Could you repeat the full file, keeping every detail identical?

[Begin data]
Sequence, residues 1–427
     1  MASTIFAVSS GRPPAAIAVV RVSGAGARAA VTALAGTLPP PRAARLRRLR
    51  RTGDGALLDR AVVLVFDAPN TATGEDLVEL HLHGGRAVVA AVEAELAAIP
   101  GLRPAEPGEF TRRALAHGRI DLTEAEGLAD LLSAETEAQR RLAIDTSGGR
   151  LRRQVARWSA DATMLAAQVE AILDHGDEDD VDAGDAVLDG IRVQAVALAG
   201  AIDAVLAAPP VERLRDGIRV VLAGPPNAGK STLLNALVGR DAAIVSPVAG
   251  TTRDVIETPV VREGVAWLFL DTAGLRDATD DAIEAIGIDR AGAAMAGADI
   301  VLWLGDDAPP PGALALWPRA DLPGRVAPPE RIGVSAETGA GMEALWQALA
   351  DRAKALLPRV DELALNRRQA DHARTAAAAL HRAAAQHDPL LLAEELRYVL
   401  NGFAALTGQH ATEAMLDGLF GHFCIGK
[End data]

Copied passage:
Sequence, residues 1–427
     1  MASTIFAVSS GRPPAAIAVV RVSGAGARAA VTALAGTLPP PRAARLRRLR
    51  RTGDGALLDR AVVLVFDAPN TATGEDLVEL HLHGGRAVVA AVEAELAAIP
   101  GLRPAEPGEF TRRALAHGRI DLTEAEGLAD LLSAETEAQR RLAIDTSGGR
   151  LRRQVARWSA DATMLAAQVE AILDHGDEDD VDAGDAVLDG IRVQAVALAG
   201  AIDAVLAAPP VERLRDGIRV VLAGPPNAGK STLLNALVGR DAAIVSPVAG
   251  TTRDVIETPV VREGVAWLFL DTAGLRDATD DAIEAIGIDR AGAAMAGADI
   301  VLWLGDDAPP PGALALWPRA DLPGRVAPPE RIGVSAETGA GMEALWQALA
   351  DRAKALLPRV DELALNRRQA DHARTAAAAL HRAAAQHDPL LLAEELRYVL
   401  NGFAALTGQH ATEAMLDGLF GHFCIGK